It fails because its emotionally frustrating, and its mentally stifling as well. I’d rather interact with reality, and adjust my beliefs and expectations to meet it than adjust my perception of reality to fit my beliefs and expectations. Reality matters to me. Truth is something I value both ideologically and practically. As a fallible human being, I sometimes make wrong conclusions, and I need to hang onto my ability to discard wrong conclusions. I honestly can’t think of anything that could persuade me to choose religious faith over that ability.

But in all fairness, I’m not taking my rejection of faith on faith. I tried religious faith, for close to twenty years. It failed. You could argue that I had insufficient faith to begin with, but that’s a trap, not an argument. Its begging the question. In addition, I don’t have religious faith in atheism. I have Karissa-faith. If atheism has a negative effect on me, I won’t cling to it. I’ll go looking somewhere else. What I love about atheism is that atheists don’t consider unshakeable faith a virtue. This very post was inspired partly by Ebonmuse’s article and Greta Christina’s post on what could persuade them to convert.

The benefits of living with unshakeable faith couldn’t justify unshakeable faith itself, much less what I was supposed to have faith in.

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3 thoughts on “What Would it Take? Part 3, Lane’s Take

  1. The concept of faith is s slippery one, and I am not sure what definition you have in mind here, but I can say that many people, atheists like me specifically, don’t use faith the way you are here.

    If you have a friend you trust, and your belief that they will behave in certain ways, that is not faith. To me, that is a reasonable expectation (based upon previous experience).

    Faith, a la the book of Hebrews, says that “faith is the substance of things hoped for, the evidence of things not seen.” And since I tend to be talking about faith with people from a Christian background, I think it far to use this as the basis for defining the term.

    But with your friend, is it the evidence of things not seen? Perhaps in one way; any action that has not happened yet has not been seen, but if the act is done by a subject that you have extensive experience with. and we are not uber-Humeans, we can use that experience to extrapolate behaviors based upon those experience. That is, you have prior evidence on which to base a reasonable assessment of what will happen.

    You may be wrong, of course.

    Thus, I would like to see people stop using the term ‘faith’ in this context, in order to make a distinction between belief in things that have no empirical or rational justification and those things that we are making probabilistic predictions or hopes based upon previous experience.

    Because if a reasonable expectation is faith, then by what means are Christians (Jews, Muslims, etc) having faith since they have no reliable previous experience in the same way we do with people, things, and the real world? They don’t. They start with faith (that the object of their faith is real), continue with faith (that what happened was actually the work of the object of their faith), and then say that their previous experience is what they are basing their belief on, extrapolating that it will continue to happen in the future (despite the fact that they have no actual evidence from the start). That is absurd to the highest degree.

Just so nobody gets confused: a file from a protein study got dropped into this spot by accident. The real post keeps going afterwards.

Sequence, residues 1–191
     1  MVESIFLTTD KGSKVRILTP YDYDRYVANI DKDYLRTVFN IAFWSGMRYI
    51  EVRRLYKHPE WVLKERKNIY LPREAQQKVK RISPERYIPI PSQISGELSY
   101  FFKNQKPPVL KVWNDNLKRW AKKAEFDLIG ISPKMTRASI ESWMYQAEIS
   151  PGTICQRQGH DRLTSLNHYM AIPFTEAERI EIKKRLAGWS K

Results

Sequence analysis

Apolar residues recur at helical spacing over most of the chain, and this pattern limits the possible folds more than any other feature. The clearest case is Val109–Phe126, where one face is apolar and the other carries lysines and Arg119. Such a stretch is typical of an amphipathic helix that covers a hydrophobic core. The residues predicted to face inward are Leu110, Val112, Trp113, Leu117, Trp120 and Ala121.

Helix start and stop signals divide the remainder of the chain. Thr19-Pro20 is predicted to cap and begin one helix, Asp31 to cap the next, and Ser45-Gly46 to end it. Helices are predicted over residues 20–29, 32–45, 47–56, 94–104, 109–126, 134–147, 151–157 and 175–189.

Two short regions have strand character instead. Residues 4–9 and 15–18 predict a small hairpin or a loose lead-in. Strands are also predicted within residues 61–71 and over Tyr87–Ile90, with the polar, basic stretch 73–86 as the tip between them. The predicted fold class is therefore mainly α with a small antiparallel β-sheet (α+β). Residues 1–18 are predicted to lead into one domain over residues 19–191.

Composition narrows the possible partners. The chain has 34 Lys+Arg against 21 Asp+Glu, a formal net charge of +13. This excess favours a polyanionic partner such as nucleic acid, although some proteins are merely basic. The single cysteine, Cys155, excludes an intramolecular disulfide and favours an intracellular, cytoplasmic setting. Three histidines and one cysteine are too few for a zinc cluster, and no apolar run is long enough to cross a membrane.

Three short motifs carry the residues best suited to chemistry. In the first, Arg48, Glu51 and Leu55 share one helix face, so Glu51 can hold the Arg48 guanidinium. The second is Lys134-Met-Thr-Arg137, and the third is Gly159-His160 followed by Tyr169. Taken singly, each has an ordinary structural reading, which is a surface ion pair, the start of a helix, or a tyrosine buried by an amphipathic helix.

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  2. Its a fair point. There’s a definite distinction between faith in the religious sense, faith in the sense of trust supported by evidence. I defend my use of the word faith in the second sense as well as the first because the English language does use it that way. I think the advantage of the word faith in the second sense is that its poetic. If I just say, “I have a trust in my friend based on prior experience,” that sounds so cold. It doesn’t really carry the emotional weight of “I have faith in my friend.” Its just like how I wouldn’t say, “I have strong platonic emotional ties to my friend,” but rather “I love my friend,” even though the word love can also be used in a related sense I definitely don’t mean.

    Interestingly, I don’t think people typically assume I mean an unreasonable, dogmatic faith when I talk about the faith I have in my friend. They know I mean something based on evidence and experience. Its only when I talk about something invisible and intangible, like a god or a political ideology, that people assume I’m talking about a kind of faith I couldn’t be dissuaded from.

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  3. Yes, I see your point about people understanding the different uses when you use it in different contexts. Concerning the coldness of using “trust” instead of “faith”, I guess I don’t have the warm association with the term “faith” having never had a religious faith myself. It has a different flavor for me, probably.

    Otherwise, I enjoyed the post.